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### stat400lec9

Course: STAT 400, Fall 2008
School: University of Illinois,...
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400 Statistics Lecture 9 Section 2.4 Bernoulli Trials Bernoulli Experiment: A Bernoulli experiment is a random experiment, the outcome of which can be classified as success and failure. Let X be random variable of Bernoulli distribution. Outcome Probability Success 1 p Failure 0 q=1-p Notation: X ~ Ber (p) pmf Mean E[X]=p Variance Var[X]=pq A sequence of Bernoulli Trials: A sequence of Bernoulli experiments are...

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400 Statistics Lecture 9 Section 2.4 Bernoulli Trials Bernoulli Experiment: A Bernoulli experiment is a random experiment, the outcome of which can be classified as success and failure. Let X be random variable of Bernoulli distribution. Outcome Probability Success 1 p Failure 0 q=1-p Notation: X ~ Ber (p) pmf Mean E[X]=p Variance Var[X]=pq A sequence of Bernoulli Trials: A sequence of Bernoulli experiments are conducted independently and the probability of success (p) remains the same. Ping Ma Lecture 9 Fall 2006 -1- Example: For a million of instant lottery tickets, suppose that 20% are winners, If 5 tickets are purchased, (1) what is the probability we have (0,1,0,1,0)? (2) what is the probability we have (0,0,1,1,0)? (3) What is the probability we have two winning tickets? Binomial distribution 1. A Bernoulli experiment is performed n times 2. The trials are independent 3. The probability of success on each trial is a constant p; The probability of failure each on trial is a constant 1-p 4. The random variable X equals the number of successes in the n trials. X~Bin(n,p) ( b(n,p) ) n and p are parameters of binomial distribution. Ping Ma Lecture 9 Fall 2006 -2- Example: What is the probability that we have at most two winning tickets among 5 tickets? Cumulative distribution function (CDF) F(x)=P(X x) Example: Your job is to examine light bulbs on an assembly line. You count the number of defective light bulbs after examining 10 light bulbs. Let X = number of defective light bulbs P (defective) = .2 N = 10 1. What is the probabil...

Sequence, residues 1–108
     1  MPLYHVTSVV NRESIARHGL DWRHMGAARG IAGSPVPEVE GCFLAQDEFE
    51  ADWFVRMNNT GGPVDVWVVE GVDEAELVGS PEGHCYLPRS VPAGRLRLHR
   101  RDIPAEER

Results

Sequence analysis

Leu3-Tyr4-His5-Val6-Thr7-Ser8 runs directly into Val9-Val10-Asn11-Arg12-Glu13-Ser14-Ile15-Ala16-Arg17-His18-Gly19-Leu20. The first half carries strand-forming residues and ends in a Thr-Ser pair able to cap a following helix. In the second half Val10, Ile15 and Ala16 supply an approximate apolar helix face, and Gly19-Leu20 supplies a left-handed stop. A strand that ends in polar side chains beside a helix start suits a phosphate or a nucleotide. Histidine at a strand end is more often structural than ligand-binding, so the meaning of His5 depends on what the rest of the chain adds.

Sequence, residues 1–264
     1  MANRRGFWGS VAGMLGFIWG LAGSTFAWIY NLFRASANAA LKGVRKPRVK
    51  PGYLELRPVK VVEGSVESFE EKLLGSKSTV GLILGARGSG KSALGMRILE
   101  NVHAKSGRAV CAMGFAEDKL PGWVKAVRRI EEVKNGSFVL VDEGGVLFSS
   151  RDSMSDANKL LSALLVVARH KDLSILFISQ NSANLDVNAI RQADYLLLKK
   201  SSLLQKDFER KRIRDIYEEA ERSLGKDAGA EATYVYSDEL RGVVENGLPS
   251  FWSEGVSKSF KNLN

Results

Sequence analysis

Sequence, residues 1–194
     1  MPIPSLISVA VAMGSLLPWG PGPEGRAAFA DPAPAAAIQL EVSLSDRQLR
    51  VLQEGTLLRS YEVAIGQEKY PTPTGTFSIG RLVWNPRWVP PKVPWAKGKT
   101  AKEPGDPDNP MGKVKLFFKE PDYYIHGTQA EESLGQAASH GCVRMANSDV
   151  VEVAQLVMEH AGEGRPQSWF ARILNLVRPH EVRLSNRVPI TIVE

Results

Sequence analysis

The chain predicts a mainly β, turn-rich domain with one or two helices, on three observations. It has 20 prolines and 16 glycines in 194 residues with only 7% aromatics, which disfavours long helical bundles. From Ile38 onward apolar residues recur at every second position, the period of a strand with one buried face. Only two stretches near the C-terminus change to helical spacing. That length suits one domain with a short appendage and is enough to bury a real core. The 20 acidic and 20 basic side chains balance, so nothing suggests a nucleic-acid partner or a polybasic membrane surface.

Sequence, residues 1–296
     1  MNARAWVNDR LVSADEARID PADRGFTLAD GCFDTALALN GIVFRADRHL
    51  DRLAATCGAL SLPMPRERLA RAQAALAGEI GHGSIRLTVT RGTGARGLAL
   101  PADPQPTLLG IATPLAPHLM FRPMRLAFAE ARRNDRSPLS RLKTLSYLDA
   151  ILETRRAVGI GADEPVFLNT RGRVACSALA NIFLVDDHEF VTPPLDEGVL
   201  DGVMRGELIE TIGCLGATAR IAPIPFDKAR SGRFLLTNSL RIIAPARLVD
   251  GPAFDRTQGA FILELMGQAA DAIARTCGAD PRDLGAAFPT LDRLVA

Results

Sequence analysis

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University of Illinois, Urbana Champaign - STAT - 400
Statistics 400 Lecture 10 Section 2.5 The Moment-generating function Moment-generating function (Laplace Transform)tx M(t)=E[etX]= e f (x )M'(t)= M&quot;(t)= xetxf (x ) f ( x)M'(0)= M&quot;(0)= x f ( x ) =E[X] x2x e2 txf ( x ) =E[X2]Thus
University of Illinois, Urbana Champaign - STAT - 400
Statistics 400 Lecture 11 Section 2.6 The Poisson DistributionPoisson distributionf ( x) =x e - , x=0,1,2,. x!E[X] = Example:Var[X]= (1) Let X have a Poisson distribution with a variance of 3, Find P(X=2), P(X 6)(2) If X has a Poisson
University of Illinois, Urbana Champaign - STAT - 400
Statistics 400 Lecture 12 Continuous Type Data Random Variable: (R.V.) is a variable whose value is a numerical outcome of a random phenomenon. Notation: X, Y, Z Note: When a random variable X describes a random phenomenon, the sample space S just li
University of Illinois, Urbana Champaign - STAT - 400
Statistics 400 Lecture 13 Continuous Distributions Random Variable: (R.V.) is a variable whose value is a numerical outcome of a random phenomenon. Notation: X, Y, Z Note: When a random variable X describes a random phenomenon, the sample space S jus
University of Illinois, Urbana Champaign - STAT - 400
Statistics 400 Lecture 14 Waiting Time Review: Continuous distribution Percentile : The (100p)th percentile p is a number such that the area under f(x) to the left of p is p. That is:first quartile: 25th percentile median: 50th percentile third qua
University of Illinois, Urbana Champaign - STAT - 400
Statistics 400 Lecture 15 Waiting Time Review: Example: Customers arrive at Staples according a Poisson distribution with mean rate 1/3 per minute. On Thanksgiving morning, Staples opens 5:00am in the Morning. The first 10 customers will get a free f
University of Illinois, Urbana Champaign - STAT - 400
Statistics 400 Lecture 16 Review Random Variable: (R.V.) is a variable whose value is a numerical outcome of a random phenomenon. Notation: X, Y, Z Probability Theorem 2.1-1: Complementary Rule: P (A') = 1-P (A) Theorem 2.1-2: P( )=0 Theorem 2.1-3:
University of Illinois, Urbana Champaign - STAT - 400
Statistics 400 Lecture 17 Functions of a Random Variable X is a continuous random variable Y is a continuous random variable defined as Y=u(X). What is the distribution of Y CDF of Y is G(y)=P(Y&lt;y)=P[u(X)&lt;y] pdf of Y is g(y)=G'(y) Example: X has a ga
University of Illinois, Urbana Champaign - STAT - 400
Statistics 400 Correlation CoefficientDiscrete random variables (X,Y)Joint probability mass function of (X,Y) x1 y1 y2 y3 f(x1, y1) f(x1, y2) f(x1, y3) . . ym f(x1, ym) x2 f(x2, y1) f(x2, y2) f(x2, y3) . f(x2, ym) x3 f(x3, y1) f(x3, y2) f(x3, y3)
University of Illinois, Urbana Champaign - STAT - 400
Statistics 400 Conditional DistributionDiscrete random variables (X,Y)Joint probability mass function of (X,Y) x1 y1 y2 y3 f(x1, y1) f(x1, y2) f(x1, y3) . . ym f(x1, ym) x2 f(x2, y1) f(x2, y2) f(x2, y3) . f(x2, ym) x3 f(x3, y1) f(x3, y2) f(x3, y3)
University of Illinois, Urbana Champaign - STAT - 400
Statistics 400 Transformation of Random Variables Too complicated to discuss in this class One important distribution to remember Let U and V are two independent chi-square random variables with r1 and r2 degrees of freedom, respectively.F= U / r1 V
University of Illinois, Urbana Champaign - STAT - 400
Statistics 400 Section 4.5 Random Sample If the distributions of the independent random variables X1 and X2 are the same, the collection of the two random variables X1 and X2 is called a random sample of size 2 from the distribution.If the distribu
University of Illinois, Urbana Champaign - STAT - 400